FALLS TOWNSHIP, WYOMING COUNTY (WBRE/WYOU) — People came from far and wide to a local animal sanctuary to take part in an annual Thanksgiving season celebration.
Indraloka Animal Sanctuary hosted Thanksliving which included a ribbon-cutting ceremony for one of the sanctuary’s new barns, a turkey parade, and a vegan-friendly meal.
Eyewitness News reporter and anchor Mark Hiller had the honor of being one of the celebrity co-hosts for the event.
This may not be how you’re used to seeing turkeys around Thanksgiving, but these birds get to feast at Indraloka Animal Sanctuary’s annual event called Thanksliving.
“This is our big celebration of the year. This is the day that we celebrate our gratitude for the animals, and for the earth and for all of you who make it possible to rescue all of them,” sanctuary founder Indra Lahiri said.
People spent a beautiful Saturday afternoon at the sanctuary near Dalton with rescued farm animals. Lahiri helps rescue these animals from all kinds of bad situations, including abuse, neglect, and abandonment.
“They come from escaping slaughterhouses and live markets. They fall off transport trucks on their ways to slaughter. All kinds of ways,” Lahiri said.
Thanksliving is a way to celebrate the second chance at life for these farm animals. The main attraction of the event is the turkey parade from the birds’ pen to their own fully decorated table where they enjoyed a meal of fruits and vegetables.
“We do it around Thanksgiving every year. And we just use it as a more broader way to give thanks. And people in the community really love it,” sanctuary co-director Johnny Braz said.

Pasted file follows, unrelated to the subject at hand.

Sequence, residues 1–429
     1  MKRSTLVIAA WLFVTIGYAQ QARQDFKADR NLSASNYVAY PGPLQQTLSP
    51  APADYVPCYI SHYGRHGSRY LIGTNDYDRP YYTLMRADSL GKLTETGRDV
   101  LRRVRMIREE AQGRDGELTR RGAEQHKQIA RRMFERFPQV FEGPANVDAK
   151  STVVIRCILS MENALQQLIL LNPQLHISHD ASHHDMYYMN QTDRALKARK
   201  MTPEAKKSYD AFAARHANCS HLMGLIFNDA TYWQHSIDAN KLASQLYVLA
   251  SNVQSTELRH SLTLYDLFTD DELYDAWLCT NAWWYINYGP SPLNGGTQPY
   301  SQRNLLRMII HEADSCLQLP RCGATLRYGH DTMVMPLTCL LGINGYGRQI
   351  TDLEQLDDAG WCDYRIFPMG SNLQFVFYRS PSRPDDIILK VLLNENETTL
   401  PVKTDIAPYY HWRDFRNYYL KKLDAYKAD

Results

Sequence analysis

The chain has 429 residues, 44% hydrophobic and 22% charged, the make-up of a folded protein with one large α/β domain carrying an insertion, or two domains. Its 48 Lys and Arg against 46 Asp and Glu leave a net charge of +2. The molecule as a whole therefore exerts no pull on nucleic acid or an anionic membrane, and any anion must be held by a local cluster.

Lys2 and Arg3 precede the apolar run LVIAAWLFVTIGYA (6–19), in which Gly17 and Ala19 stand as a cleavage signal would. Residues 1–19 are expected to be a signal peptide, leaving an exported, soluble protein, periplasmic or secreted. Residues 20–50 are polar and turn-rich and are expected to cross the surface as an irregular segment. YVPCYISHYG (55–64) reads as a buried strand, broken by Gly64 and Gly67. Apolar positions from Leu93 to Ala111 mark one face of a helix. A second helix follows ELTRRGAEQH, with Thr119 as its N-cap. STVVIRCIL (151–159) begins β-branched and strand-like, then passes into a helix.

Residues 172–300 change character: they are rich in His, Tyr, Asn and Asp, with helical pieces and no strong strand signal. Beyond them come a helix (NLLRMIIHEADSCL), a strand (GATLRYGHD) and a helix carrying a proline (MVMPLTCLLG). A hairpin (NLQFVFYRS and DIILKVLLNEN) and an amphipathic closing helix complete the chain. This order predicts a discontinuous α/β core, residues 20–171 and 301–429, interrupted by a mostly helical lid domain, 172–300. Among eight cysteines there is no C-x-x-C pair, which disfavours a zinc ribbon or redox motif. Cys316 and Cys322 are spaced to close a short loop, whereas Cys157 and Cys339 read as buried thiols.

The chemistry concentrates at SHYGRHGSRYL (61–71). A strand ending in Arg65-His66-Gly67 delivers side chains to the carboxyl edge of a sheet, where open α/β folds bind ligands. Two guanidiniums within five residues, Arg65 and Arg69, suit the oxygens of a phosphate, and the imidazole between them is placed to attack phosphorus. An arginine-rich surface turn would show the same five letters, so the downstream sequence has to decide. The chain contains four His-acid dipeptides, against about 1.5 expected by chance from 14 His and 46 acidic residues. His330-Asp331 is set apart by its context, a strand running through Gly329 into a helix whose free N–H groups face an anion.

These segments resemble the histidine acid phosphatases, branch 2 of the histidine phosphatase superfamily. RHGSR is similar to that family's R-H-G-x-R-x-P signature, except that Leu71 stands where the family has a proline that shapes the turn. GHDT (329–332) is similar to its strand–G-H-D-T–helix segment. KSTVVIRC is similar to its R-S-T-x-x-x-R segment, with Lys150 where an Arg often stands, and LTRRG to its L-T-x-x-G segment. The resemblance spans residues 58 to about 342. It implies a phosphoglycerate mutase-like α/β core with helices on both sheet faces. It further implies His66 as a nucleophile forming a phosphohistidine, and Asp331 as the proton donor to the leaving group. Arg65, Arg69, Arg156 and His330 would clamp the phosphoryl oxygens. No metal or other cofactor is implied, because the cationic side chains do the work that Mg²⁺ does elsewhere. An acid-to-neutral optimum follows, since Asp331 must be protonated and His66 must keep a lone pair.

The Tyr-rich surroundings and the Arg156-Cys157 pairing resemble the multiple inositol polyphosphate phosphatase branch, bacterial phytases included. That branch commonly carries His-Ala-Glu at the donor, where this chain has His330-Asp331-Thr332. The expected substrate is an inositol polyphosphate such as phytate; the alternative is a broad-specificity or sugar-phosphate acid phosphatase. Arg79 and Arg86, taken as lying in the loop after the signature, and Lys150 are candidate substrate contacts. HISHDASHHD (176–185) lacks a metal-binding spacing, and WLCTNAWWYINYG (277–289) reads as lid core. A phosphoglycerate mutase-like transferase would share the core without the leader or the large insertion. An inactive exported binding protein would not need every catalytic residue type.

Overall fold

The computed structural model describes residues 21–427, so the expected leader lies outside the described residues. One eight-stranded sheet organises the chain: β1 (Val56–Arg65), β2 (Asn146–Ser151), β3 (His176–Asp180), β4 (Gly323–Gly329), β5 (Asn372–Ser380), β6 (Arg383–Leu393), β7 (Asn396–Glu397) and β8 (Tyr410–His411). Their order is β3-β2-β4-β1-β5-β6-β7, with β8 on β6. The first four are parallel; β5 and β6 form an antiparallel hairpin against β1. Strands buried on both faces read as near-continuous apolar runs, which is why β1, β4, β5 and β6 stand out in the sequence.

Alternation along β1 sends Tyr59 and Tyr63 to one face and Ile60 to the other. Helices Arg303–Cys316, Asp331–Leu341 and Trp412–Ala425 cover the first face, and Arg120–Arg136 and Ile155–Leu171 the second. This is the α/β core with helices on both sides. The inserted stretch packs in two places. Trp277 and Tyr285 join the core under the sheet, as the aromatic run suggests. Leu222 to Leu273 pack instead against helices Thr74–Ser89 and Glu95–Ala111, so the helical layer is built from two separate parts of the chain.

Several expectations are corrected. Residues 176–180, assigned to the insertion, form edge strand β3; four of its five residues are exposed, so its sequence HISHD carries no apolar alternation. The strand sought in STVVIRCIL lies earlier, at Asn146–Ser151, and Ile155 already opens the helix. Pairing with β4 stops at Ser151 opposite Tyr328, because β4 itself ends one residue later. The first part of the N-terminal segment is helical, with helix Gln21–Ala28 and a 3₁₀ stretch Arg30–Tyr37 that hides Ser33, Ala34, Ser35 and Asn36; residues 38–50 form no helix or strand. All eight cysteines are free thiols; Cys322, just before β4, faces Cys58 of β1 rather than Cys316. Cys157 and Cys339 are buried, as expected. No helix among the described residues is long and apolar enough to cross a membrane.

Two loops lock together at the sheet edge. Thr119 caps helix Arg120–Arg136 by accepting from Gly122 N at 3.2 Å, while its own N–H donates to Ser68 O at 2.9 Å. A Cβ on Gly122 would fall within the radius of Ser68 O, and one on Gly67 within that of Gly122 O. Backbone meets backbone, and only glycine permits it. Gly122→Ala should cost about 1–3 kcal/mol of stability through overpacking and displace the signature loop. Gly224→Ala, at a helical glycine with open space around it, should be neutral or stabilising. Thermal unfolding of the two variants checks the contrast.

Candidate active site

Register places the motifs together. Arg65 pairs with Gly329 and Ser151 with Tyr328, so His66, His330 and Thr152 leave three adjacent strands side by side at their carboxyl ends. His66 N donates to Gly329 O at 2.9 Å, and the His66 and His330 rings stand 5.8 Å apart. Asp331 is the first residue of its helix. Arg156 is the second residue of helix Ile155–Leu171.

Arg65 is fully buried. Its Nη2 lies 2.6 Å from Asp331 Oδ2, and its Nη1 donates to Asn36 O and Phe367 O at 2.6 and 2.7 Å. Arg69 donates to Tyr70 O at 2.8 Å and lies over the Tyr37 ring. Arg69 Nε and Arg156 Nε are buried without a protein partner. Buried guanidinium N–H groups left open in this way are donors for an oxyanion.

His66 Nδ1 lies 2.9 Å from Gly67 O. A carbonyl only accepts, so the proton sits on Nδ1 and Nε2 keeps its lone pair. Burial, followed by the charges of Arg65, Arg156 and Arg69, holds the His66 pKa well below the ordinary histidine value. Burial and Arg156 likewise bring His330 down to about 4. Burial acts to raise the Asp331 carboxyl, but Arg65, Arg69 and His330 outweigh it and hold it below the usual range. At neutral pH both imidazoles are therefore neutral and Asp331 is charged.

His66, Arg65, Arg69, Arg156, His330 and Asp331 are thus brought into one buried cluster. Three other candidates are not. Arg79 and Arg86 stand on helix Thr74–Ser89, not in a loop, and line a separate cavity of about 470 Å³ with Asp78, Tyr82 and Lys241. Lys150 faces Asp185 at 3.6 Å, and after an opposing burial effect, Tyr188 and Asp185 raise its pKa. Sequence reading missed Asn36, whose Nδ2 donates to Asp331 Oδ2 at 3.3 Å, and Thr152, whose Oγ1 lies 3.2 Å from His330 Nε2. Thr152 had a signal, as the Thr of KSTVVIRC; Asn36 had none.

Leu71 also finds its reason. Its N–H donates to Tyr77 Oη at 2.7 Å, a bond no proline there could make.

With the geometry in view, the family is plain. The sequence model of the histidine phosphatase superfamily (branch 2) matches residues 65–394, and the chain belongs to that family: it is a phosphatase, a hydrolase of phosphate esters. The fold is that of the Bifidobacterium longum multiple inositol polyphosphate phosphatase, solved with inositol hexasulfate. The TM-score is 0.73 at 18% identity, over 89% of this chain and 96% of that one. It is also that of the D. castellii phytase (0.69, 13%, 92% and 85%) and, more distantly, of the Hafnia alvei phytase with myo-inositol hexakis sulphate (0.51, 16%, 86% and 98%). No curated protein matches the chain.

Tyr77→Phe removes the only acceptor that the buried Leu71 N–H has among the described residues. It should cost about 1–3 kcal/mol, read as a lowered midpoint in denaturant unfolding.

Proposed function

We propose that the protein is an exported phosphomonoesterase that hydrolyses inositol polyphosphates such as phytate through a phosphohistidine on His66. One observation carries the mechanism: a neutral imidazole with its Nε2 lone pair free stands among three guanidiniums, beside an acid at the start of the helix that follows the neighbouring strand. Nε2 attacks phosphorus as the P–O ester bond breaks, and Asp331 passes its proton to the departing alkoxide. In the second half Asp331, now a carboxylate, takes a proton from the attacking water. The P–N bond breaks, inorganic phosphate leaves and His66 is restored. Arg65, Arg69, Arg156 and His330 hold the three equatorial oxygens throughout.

This is the seventh Thanksliving celebration, but this is the first time the feast is being held with the sanctuary’s new facilities. This second site for Indraloka opened last year in addition to its original location in Mehoopany, which was founded in 2005. Christine Condon drove an hour and a half from Whitehall to see the new facilities, which include new barns and an infirmary.
“I was just so impressed when I drove up as soon as I parked my car. There is the cows up on the hill. And then I walked up and just saw how expansive it is,” Condon said.
The new sanctuary will hold animal education programs for children. Lahiri says it’s a tough, violent world for kids and many don’t experience love.
“When we bring the kids together with the animals, they experience unconditional love. And when they look in the eyes of that animal, and they see that that animal loves them, they begin to love themselves,” Lahiri said.
Thanksliving also serves as Indraloka’s biggest annual fundraiser. Guests who purchased tickets to the event also participated in raffles and auctions.